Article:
Judge Patrick Naugle is neither shocked nor dismayed, just mildly amused.
Our review of Aftershock (2010), published December 10th, 2011, is also available.
An American tourist (Eli Roth, Inglourious Basterds) is enjoying the Chilean nightlife with his buddies Ariel (Ariel Levy) and Pollo (Nicolas Martinez). While out at a club the threesome meet up with a group of attractive ladies, including a Russian model (Natasha Yarovenko, Room in Rome), a crazy party girl (Lorenza Izzo, The Green Inferno), and her morose sister (Andrea Osvart, Maternity Blues). The drinks are plentiful and the music sufficiently loud until a massive earthquake rocks Chile, sending this group of tourists into a tailspin of crushed bodies, dangerous looters, and deadly Aftershocks!
There was a time when disaster movies—especially those in the 1970s—were meant to inspire an unfailing feeling that mankind can overcome anything mother nature throws at us. Rousing speeches were made, sacrifice was offered for the sake of the innocent, and eventually the survivors (not all, but some) made it to safety. They were movies that offered up thrills but also triumph of the soul to crowd pleasing effect.
Those times are long since past.
I guess I should have known what I was in for when I noticed horror-auteur Eli Roth was starring in Aftershock. Roth is a filmmaker who rose to prominence as a writer/director with Cabin Fever, about a flesh eating bacteria that takes down five kids in a remote cabin, and Hostel (as well as its sequel), a grand guignol style yarn about an elite overseas 'club' that pays to torture unsuspecting tourists. Obviously, Roth is not a filmmaker who revels in subtlety or tact.
Aftershock is in the tradition of The Towering Inferno, The Poseidon Adventure, and Earthquake (where it takes most of its inspiration). The filmmakers take a group of party-goers, add in a devastating earthquake, shake, stir, and pour. At this point any filmgoer worth their salt knows how this all plays out. Some will live. Some will die. Actually, scratch that—all will die. 2013 isn't 1975, and due to how extreme movies have become, it will come as no surprise that pretty much everyone in Aftershock gets their comeuppance one way or another.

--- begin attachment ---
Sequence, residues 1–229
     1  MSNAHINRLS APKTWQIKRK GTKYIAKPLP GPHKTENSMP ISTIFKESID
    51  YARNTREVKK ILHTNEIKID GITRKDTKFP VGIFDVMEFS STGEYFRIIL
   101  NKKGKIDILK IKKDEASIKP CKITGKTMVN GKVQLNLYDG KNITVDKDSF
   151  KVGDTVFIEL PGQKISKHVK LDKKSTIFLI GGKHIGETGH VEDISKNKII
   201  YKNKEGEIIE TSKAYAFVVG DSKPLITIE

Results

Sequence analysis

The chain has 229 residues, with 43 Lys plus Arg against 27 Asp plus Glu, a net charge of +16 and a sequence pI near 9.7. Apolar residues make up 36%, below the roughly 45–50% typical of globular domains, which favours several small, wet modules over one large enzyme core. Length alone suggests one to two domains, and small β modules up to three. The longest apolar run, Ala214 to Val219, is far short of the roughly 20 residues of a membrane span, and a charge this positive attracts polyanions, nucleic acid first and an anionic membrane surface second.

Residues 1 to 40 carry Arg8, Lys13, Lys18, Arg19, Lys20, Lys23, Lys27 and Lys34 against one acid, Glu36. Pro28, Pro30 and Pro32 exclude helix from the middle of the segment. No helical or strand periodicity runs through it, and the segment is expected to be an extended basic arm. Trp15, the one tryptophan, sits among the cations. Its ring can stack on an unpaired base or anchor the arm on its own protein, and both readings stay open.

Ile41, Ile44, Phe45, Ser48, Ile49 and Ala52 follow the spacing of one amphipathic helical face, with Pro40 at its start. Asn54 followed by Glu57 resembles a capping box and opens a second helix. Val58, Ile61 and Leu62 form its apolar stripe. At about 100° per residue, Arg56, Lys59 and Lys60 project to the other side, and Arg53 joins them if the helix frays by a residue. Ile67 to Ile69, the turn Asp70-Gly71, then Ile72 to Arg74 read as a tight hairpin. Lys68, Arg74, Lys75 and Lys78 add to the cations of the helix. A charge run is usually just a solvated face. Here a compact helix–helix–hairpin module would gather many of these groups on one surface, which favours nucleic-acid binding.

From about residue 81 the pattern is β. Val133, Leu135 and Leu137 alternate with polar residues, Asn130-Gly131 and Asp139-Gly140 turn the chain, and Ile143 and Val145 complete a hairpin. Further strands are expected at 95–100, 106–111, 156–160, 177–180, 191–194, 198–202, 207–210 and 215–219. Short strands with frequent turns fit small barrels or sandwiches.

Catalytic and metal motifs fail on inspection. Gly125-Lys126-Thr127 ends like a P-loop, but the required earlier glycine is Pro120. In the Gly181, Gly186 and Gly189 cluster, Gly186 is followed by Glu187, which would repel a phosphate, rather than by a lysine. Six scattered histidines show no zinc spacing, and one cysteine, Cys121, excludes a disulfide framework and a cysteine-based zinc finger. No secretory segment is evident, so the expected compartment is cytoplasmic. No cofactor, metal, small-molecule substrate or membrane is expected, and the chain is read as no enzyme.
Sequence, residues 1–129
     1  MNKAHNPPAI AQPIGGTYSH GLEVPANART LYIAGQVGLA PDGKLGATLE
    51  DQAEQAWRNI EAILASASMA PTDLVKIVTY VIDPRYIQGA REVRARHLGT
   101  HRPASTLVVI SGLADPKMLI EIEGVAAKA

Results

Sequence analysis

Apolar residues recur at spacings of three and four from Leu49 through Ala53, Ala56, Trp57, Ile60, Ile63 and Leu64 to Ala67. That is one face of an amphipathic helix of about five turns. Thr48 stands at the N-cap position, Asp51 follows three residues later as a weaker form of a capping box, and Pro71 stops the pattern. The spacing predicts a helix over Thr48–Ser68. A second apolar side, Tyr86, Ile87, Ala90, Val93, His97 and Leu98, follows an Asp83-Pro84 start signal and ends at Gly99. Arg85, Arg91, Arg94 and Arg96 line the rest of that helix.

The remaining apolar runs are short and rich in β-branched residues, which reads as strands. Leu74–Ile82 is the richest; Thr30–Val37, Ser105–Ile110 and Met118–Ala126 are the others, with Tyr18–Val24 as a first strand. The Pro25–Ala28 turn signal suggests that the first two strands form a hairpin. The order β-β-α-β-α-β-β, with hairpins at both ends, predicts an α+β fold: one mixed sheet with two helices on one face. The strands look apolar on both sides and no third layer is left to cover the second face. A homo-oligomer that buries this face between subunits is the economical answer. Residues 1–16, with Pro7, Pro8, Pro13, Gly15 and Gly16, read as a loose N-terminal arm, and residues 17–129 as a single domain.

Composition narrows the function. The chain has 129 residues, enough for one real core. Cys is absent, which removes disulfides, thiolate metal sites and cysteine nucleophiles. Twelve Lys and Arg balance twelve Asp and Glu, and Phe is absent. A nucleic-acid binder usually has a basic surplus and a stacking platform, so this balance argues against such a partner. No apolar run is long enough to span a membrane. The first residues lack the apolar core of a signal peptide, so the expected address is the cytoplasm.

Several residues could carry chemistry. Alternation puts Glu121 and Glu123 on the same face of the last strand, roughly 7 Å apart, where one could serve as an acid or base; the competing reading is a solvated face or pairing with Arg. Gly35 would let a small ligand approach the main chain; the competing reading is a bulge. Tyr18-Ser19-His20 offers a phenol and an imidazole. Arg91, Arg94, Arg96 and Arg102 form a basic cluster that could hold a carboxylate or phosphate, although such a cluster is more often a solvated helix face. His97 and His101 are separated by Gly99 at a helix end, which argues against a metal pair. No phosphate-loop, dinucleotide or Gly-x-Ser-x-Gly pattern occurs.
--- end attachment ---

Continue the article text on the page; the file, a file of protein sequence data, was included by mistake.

The special effects work is just a notch below, say, 2012, but is also far superior to anything on the Syfyy channel. This means that when someone's cranium become concave due to a falling rock, you'll see it in anatomically correct detail. To Aftershock's credit, there were at least two moments where I was surprised by who lived and who died. So, I give the film marks for keeping me guessing. The actors all do about as good as can be expected with a screenplay that exists only to dispatch them in ways that will make you queasily turn away from the screen.
Unlike the classic '70s disaster movies, Aftershock's core survivors aren't just dealing with the environment. This time they have to contend with being raped, skewered, sawed, fricasseed, and generally mashed into lumps of red goop. How unpleasant this is will depend on how much you like Roth's films; there's a lot of gore and grizzle here, and characters get dispatched in shiver-inducing ways. Although Roth didn't direct Aftershock (he's a producer and writer), his fingerprints are all over the final product. The director (and co-writer with Roth) is newcomer Nicolás López, who keeps the pace frantic and the blood flowing freely…although for all intents and purposes, this is really an Eli Roth venture.
Aftershock is presented in 1.78:1 anamorphic widescreen. Anchor Bay has done a very nice job on this transfer; the print is very clean and looks great for standard DVD. Much of Aftershock takes place during the night, so a lot of the sequences look sufficiently dark and dirty. The soundtrack is presented in Dolby Digital 5.1 Surround in English. This is a very aggressive sound mix, especially during the last half of the film. Directional effects are plentiful and often disturbing (I imagine lots of bags of stomped on ketchup were used to make this audio mix). Also included on this disc are Spanish subtitles.
Bonus features include an international commentary track with Eli Roth and director Nicolás López (one in America, the one overseas) and two featurettes ("The Making of Aftershock," "Shaking Up the Casting Process") on the making Aftershock.
A review for a film like Aftershock seems almost perfunctory; either this sort of thing appeals to you, or it doesn't. Do you like watching attractive twenty-somethings becoming human pancakes? Does an extended sequence with a severed hand being kicked around appeal to you? Then Aftershock will be right up your alley.
No more and no less the movie it needs to be.
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Scales of Justice
Studio: Anchor Bay
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